COMETH the hour, cometh the man, as the saying goes.And for Western Australia’s key export industry, the hour certainly came early in 2009, and with it a handful of key executives took the opportunity to make their mark.
COMETH the hour, cometh the man, as the saying goes.
And for Western Australia’s key export industry, the hour certainly came early in 2009, and with it a handful of key executives took the opportunity to make their mark.
For the past five years, WA’s economic growth has been in large part driven by the iron ore industry as it steadily increased its lead as the state’s biggest export earner.
So when the global financial crisis peaked in October last year, it was the iron ore sector that first felt the impact.
Without warning, boatloads of iron ore were being turned away from Chinese ports as buyers started reneging on supply contracts.
In such trying circumstances, reputations are won and lost.
And there was no bigger winner in 2009 than Rio Tinto Iron Ore chief Sam Walsh.
A steady hand at the wheel when the crisis hit hardest, Mr Walsh coolly recalibrated Rio’s Pilbara business by cutting output 10 per cent and deferring non-critical expansion work.
The move not only helped stabilise Rio’s then-perilous financial position, it helped inject some order back into the iron ore market.
Behind the scenes, his iron ore marketing team also hardened their negotiations with customers who had been seeking to take advantage of Rio’s weakened position.
Iron ore shipments were increasingly directed to whichever customer was prepared to pay the best price, maximising competition for cargoes and optimising revenue in a tough and volatile market.
Mr Walsh also played a key role in hatching the coup of the year – the proposed $116 billion Pilbara iron ore joint venture with BHP – with his lower-profile BHP counterpart, Ian Ashby.
The deal was a masterstroke, which both killed off an increasingly unpalatable $24 billion tie-up with China’s Chinalco and promised to deliver most of the gains sought by BHP with its aborted takeover offer of 2008.
With the position of Rio chief executive Tom Albanese looking increasingly untenable (as an architect of the Chinalco deal), Mr Walsh was virtually anointed his heir-apparent in June when the iron ore deal was announced and he was elevated to Rio’s board.
Since then, he has become one of Rio’s most public advocates on a range of national issues, including climate change, emissions trading, industrial relations, Sino-Australian relations and indigenous employment.
Mr Walsh’s long-time sparring partner, Fortescue Metals Group chief Andrew Forrest, also dominated headlines in 2009.
In April, it was his five-week trial at the hands of the Australian Securities and Investments Commission over FMG’s disclosure of three Chinese deals in 2004 that put him on centre stage.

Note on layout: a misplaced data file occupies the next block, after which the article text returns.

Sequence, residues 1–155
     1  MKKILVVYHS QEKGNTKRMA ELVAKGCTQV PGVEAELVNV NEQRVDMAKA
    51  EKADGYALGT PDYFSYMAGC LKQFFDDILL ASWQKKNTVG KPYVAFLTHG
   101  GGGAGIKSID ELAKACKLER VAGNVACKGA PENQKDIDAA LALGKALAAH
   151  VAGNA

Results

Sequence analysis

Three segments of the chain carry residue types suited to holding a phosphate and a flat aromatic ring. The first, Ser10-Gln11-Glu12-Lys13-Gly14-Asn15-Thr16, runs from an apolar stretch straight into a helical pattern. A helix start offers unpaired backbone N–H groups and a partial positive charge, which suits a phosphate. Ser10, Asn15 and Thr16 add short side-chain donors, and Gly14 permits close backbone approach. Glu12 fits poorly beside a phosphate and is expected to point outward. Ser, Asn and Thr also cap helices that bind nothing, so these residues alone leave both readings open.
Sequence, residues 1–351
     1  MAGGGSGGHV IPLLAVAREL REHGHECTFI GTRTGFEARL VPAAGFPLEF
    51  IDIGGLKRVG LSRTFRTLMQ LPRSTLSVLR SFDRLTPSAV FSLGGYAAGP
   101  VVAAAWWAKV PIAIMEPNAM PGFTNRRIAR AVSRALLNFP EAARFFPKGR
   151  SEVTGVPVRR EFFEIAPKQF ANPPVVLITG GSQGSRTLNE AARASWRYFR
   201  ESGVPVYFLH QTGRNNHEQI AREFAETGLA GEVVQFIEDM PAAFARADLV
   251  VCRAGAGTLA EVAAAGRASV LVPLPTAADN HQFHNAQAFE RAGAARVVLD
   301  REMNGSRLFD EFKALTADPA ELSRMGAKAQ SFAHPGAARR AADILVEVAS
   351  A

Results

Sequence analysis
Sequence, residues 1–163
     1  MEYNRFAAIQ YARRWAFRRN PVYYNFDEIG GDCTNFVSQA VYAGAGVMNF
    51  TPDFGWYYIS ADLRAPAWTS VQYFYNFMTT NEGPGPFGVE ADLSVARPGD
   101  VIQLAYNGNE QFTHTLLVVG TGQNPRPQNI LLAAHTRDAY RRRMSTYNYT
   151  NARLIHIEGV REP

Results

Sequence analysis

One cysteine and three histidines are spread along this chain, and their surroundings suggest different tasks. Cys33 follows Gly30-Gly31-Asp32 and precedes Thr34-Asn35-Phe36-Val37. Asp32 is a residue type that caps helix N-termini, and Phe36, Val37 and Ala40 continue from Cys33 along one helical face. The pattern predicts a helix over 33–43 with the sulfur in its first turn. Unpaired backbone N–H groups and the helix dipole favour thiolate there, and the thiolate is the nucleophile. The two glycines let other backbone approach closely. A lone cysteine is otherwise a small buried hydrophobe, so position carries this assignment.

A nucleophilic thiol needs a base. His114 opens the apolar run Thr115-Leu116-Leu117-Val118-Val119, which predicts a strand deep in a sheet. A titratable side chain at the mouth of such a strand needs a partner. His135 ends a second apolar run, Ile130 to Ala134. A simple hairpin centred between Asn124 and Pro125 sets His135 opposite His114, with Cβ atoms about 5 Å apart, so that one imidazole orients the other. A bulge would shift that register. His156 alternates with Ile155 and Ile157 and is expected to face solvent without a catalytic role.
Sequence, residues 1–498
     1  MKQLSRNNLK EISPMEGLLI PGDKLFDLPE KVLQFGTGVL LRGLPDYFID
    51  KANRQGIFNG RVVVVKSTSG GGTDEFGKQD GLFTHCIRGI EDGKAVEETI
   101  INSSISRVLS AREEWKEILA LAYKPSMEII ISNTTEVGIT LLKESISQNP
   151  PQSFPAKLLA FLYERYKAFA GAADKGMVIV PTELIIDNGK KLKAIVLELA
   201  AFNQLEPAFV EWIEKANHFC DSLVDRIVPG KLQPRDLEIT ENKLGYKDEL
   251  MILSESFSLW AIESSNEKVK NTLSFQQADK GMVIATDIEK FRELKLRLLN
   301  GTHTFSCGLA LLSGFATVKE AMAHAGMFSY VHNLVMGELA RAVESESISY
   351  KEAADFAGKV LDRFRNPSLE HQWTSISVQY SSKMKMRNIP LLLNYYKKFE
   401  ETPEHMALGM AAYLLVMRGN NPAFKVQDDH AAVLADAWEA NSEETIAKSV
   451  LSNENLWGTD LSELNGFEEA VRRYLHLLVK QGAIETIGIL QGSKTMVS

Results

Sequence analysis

ASIC was seeking to have Mr Forrest banned as a company director and fined millions for claiming the deals amounted to binding contracts to back his Pilbara business. The following year, the Chinese withdrew and denied the agreements were binding.
While ASIC claimed Fortescue and Mr Forrest knew the claims were misleading, Mr Forrest fired back by arguing the Chinese had used the agreements as leverage in an attempt to secure control of Fortescue on the cheap.
Though the case provided plenty of titillation, few observers were able to declare a clear winner and the judge is yet to hand down his ruling. If it loses, ASIC will be under enormous pressure to justify the millions of dollars and thousands of hours spent pursuing a company that has become one of WA’s greatest success stories.
Meanwhile, Mr Forrest continued his five-year harassment of BHP and Rio over access to Pilbara rail infrastructure at the same time as providing actual access to his own smaller rivals – for a price.
Having already facilitated Atlas Iron’s first exports through its Port Hedland port, Fortescue gave fellow junior BC Iron the chance to join the ranks of producers by taking a 50 per cent stake in its Nullagine iron ore venture in June.
Trial mining has already been completed and first commercial production is expected by the end of next year, offsetting the initial pain of the high price paid by BC shareholders.
Against this backdrop, Rio and BHP have been forced to justify their 40-year-old case against infrastructure sharing to the Australian Competition Tribunal during the past two months.
If the tribunal rules in Mr Forrest’s favour, it could be his greatest achievement to date.
This year was also one in which Atlas chief David Flanagan firmly established himself as a likely successor to Mr Forrest as champion of the growing independent iron ore sector.
Though Atlas shipped its first ore from the Pardoo mine only last December, it already plans to start production at two more mines – Wodgina and Abydos – next year, and has led consolidation in the Pilbara by buying aspiring miner Warwick Resources.
For the emerging Mid West iron ore sector, 2009 was also a watershed.
Last month, iron ore veteran George Jones crowned a decorated career by turning the first sod at Gindalbie Metals $1.9 billion Karara magnetite joint venture with China’s AnSteel group.
Meanwhile, the signing of a state development agreement for the $4 billion Oakajee port and rail project in March finally opened the door for the development of a world-class iron ore industry in the region.